Yesterday I put APRS-IS to the test in the mountains on the San Juan Trail, located a few miles way from Ortega Highway 74. In this area there are no digipeaters close enough for RF transmissions, so I tested the SPRINT cellular network to see if I could be tracked in real time (KM6ZPO).
When I first heard about APRS, I had hoped I could use it to replace tracking I already get from my SPOT device. I began my learning curve by testing several APRS apps.
I finally did it! I captured this image from the International Space Station using a Yaesu FT-60 radio with a Diamond SRH77CA whip antenna. I used SSTV for iOS to decode and save the captured audio.
Yesterday I went on a little adventure out in the California desert. I was equipped with a Baofeng UV-5R and a cell phone loaded with APRS.fi software. Our first destination was the Hole-in-the -Wall Rings Trail. Shortly after exiting the 40 highway, I lost cell service,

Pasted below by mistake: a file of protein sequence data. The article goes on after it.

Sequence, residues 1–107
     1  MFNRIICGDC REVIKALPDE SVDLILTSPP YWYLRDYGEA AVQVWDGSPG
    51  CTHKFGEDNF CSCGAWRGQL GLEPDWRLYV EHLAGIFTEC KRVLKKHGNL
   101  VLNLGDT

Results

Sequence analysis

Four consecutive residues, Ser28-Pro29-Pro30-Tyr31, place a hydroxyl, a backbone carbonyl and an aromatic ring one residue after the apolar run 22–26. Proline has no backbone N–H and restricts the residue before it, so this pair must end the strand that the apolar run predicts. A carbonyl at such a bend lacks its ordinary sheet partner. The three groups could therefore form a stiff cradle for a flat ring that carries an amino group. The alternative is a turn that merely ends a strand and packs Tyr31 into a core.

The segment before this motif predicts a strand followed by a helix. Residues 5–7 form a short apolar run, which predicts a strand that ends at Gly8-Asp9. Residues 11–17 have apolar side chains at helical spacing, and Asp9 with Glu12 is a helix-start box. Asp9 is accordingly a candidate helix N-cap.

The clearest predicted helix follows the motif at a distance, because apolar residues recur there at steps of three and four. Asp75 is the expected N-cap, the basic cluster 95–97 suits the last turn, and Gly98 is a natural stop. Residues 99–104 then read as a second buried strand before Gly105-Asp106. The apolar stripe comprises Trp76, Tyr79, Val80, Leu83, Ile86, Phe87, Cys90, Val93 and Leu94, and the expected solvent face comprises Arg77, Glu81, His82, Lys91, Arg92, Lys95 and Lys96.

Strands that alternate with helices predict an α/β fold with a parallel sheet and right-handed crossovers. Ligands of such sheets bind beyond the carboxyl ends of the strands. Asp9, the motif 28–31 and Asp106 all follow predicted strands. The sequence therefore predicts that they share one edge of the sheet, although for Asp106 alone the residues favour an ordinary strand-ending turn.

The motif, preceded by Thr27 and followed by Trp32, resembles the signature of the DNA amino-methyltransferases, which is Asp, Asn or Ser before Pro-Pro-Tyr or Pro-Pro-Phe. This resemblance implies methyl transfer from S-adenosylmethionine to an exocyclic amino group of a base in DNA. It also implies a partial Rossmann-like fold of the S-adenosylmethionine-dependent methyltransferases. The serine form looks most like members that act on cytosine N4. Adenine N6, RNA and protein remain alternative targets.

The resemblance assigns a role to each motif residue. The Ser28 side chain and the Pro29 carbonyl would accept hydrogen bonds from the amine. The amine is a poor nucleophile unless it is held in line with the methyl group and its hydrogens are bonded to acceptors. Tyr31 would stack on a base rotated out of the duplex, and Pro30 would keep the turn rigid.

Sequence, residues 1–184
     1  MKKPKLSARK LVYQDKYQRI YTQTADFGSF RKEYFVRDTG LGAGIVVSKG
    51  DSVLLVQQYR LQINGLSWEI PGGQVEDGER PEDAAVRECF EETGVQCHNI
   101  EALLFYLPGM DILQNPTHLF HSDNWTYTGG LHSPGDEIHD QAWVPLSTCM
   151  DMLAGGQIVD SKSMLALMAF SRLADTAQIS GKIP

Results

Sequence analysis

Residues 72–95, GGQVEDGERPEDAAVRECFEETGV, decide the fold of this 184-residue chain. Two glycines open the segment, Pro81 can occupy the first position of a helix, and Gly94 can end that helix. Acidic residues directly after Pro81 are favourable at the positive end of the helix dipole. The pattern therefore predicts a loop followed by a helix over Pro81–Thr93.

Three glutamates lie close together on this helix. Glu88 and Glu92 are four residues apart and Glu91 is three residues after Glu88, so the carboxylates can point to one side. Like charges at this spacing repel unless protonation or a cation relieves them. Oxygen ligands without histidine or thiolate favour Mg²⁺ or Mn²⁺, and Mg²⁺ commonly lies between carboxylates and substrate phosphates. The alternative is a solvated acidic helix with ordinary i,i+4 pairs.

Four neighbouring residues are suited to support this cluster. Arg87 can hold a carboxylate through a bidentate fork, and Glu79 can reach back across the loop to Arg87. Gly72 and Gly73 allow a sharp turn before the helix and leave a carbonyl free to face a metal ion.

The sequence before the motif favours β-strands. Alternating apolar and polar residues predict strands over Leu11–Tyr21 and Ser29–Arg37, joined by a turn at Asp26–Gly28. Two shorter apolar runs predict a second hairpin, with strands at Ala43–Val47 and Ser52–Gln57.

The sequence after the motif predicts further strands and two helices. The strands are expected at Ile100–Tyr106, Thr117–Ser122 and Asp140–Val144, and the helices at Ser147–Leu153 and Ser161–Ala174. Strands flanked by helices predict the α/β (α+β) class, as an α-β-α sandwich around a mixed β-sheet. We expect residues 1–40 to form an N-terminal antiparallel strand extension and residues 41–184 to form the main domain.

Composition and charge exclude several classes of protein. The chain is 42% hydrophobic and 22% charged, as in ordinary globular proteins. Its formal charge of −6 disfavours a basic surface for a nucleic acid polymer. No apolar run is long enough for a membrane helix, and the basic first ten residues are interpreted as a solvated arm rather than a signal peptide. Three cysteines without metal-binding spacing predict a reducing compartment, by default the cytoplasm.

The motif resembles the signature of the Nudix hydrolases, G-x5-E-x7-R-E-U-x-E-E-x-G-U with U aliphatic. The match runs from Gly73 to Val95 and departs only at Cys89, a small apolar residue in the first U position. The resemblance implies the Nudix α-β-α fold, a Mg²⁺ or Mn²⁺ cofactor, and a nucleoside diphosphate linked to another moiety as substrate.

If you’re in the Southern California area, tune your ham radio to frequency 145.800 between 10PM to 10:15PM PST and have your mobile app ready to listen for a chance at capturing SSTV images from cosmonauts aboard the International Space Station. The satellite moves quickly from the north just above Oregon to the south near Houston, Texas.
My first ham radio was an 8-watt handheld Baofeng BF-F8HP. Combined with a Nagoya NA-771 15.6″ whip antenna (pretty much the standard for HTs) and a Btech QHM22 speaker mic, I found I was easily able to get an audible signal with some slight noise hitting repeaters 20+ miles away and people didn’t have any trouble hearing me.
Since I’m driving a leased vehicle, I didn’t want to drill holes into the car to mount my ham radio microphone. I was very happy to find an adapter kit that slips over the round part of the microphone mount, creating a sturdy ferrous metal surface to attach to any magnetic mount.